It started with a fluorescent yellow running vest back in 2004. Audrey Robinson, a city cyclist since 1998, wore the vest for visibility on the road. Eventually, the vest fell apart, and at about the same time Robinson noticed a sea change in New York City.
Interest in cycling was gaining momentum, and Robinson, who had been designing prints for a knitware label, began to conceive accessories based on her own needs as a female cyclist. “I saw an opening for things that I needed and wanted,” she says. “And I didn’t know of anyone else making them.”
Robinson’s first step toward entrepreneurship in 2009 was to replace her running vest. The design that she came up with, the Lightening Vest, is a singlet, hand-netted of thin strips of fabric, custom-treated on both sides with a reflective coating. I bought one, and it’s so compact and lightweight that I can wad it up and carry it in a pocket. It’s also pretty enough to wear both for safety and as a fashion accessory. (See video.)
Thoughtful Details to Enhance the Ride
Today, Robinson works in a sun-flooded loft lined with work tables and sewing machines in an industrial building in Brooklyn. Her Dargelos line of beautifully crafted accessories is filled with thoughtful details for cyclists, the fabrics, materials and hardware all chosen with care. The simple, color-block oilcloth Trans/Porter (below, in red) converts elegantly from a shoulder bag to a backpack. When Robinson wanted a bag to carry just the minimum on her bike, she designed the Snap:Pack (below, in brown), which fastens to handlebars or a belt, or can be carried alone with a handle that’s included.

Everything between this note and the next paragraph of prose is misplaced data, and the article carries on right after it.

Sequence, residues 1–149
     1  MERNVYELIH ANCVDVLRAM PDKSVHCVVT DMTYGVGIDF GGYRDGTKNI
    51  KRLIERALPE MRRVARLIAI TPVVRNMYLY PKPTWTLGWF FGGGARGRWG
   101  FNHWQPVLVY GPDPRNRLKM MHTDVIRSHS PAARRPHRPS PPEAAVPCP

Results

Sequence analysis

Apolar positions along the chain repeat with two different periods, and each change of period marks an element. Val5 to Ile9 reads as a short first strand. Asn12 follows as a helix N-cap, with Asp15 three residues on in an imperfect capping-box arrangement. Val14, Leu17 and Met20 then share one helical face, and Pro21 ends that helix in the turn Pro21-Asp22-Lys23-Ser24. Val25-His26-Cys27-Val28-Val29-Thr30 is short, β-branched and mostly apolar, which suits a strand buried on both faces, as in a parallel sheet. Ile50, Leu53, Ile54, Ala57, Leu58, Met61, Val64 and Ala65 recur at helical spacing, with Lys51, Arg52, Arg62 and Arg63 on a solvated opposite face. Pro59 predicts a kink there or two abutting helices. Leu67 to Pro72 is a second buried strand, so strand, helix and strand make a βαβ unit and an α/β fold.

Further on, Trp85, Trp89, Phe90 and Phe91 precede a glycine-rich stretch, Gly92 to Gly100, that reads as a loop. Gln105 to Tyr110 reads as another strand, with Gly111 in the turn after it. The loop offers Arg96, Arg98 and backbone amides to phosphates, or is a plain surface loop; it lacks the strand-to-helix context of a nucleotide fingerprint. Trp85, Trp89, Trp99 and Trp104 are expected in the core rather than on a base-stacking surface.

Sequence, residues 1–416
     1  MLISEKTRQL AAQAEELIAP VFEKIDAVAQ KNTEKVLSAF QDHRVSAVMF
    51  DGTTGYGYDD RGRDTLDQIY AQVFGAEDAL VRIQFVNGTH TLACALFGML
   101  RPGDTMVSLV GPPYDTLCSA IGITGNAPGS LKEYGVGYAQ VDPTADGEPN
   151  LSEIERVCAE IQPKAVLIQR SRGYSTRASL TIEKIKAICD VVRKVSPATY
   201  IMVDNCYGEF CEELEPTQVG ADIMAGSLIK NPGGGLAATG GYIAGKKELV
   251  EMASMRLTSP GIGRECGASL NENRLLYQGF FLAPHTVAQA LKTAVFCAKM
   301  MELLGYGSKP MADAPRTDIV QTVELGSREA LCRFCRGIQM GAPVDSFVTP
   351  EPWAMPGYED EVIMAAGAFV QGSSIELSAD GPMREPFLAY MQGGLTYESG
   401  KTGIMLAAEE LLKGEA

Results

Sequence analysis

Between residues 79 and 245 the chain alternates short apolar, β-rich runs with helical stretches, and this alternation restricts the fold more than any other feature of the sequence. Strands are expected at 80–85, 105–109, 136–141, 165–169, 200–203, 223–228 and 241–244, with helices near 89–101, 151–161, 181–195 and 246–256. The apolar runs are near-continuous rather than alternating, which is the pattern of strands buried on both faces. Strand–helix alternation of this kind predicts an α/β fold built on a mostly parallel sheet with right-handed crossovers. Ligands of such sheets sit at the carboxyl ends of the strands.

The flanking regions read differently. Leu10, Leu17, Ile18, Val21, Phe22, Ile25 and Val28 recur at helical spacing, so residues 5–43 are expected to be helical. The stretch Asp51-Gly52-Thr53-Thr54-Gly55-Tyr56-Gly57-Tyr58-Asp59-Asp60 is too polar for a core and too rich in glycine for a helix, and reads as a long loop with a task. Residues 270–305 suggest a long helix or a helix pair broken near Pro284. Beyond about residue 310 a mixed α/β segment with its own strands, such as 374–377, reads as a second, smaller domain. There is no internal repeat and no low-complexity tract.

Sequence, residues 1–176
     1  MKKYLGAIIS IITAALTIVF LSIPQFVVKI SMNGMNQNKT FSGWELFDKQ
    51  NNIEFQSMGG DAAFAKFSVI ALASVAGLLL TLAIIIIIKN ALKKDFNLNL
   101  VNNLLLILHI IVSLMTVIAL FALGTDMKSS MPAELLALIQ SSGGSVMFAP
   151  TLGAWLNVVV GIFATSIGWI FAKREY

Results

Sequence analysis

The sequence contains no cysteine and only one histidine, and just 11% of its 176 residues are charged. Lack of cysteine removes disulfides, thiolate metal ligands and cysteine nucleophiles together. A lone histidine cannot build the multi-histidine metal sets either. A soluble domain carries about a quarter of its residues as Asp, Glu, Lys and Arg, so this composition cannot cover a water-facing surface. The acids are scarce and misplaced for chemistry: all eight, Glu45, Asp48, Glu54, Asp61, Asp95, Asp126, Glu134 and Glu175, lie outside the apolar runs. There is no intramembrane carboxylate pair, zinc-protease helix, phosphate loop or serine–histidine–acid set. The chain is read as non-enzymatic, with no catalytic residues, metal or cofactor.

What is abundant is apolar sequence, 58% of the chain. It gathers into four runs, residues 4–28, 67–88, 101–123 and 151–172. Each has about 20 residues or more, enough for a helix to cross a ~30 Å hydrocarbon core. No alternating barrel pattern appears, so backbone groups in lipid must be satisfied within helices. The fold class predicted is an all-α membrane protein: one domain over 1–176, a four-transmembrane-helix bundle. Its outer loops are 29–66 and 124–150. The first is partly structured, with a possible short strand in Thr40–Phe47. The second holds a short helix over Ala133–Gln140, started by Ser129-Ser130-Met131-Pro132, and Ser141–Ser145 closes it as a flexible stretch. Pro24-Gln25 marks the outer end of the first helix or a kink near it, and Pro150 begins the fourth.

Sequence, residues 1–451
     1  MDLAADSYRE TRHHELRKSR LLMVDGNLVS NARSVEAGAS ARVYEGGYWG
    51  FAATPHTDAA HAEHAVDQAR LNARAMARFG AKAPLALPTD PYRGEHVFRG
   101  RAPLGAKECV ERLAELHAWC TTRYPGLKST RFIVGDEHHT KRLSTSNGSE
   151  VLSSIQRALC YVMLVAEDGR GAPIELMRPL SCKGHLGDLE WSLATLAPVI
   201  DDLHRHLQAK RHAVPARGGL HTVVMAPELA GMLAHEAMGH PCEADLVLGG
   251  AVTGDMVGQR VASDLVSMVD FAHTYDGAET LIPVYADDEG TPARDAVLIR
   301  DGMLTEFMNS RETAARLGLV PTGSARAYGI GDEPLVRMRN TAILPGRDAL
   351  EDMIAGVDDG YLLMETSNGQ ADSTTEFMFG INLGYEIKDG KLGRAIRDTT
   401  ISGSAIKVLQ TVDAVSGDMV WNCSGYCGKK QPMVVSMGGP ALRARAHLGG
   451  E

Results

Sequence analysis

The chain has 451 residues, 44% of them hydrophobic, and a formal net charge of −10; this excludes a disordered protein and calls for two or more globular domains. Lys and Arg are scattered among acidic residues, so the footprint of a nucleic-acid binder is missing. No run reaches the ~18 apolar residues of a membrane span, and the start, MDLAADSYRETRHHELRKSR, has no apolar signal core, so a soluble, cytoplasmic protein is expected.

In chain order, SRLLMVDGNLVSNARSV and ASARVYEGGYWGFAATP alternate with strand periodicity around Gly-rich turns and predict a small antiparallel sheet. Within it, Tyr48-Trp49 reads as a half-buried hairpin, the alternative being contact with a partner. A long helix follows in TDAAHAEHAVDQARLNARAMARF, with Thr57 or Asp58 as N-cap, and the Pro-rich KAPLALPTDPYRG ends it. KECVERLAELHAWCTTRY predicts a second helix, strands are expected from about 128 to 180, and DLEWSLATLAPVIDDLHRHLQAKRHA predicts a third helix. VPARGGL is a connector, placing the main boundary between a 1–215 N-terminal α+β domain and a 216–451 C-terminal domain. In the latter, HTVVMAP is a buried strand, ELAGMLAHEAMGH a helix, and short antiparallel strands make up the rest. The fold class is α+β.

The Washington DC native has been making clothing since childhood and studied studio arts at Concordia University in Montreal. As her thoughts turned to launching her own business, she enrolled in a two-year associates degree program at Parsons The New School For Design, which she completed in 2009.
Knowing What Works
“I had always had an interest in fashion, but had not been attracted to ‘the industry,’ ” she says. “I’m a crafts person who loves materials and working with my hands.”
Robinson combined her love of art and cycling with fashion design in the launch of Dargelos in 2009. The name is inspired by a character, a boy played by a girl, in one of her film favorites, Les Enfants Terribles. She chose it to reflect the androgynous qualities of her designs.
Now on the drawing board: a soft hemp and cotton t-shirt featuring well-placed pockets – again, just for the essentials on a bike.
“I really take a lot of time to introduce something,” she says. “I don’t want to put things out there without knowing that they work.”
cycling tote and pack photos: Dargelos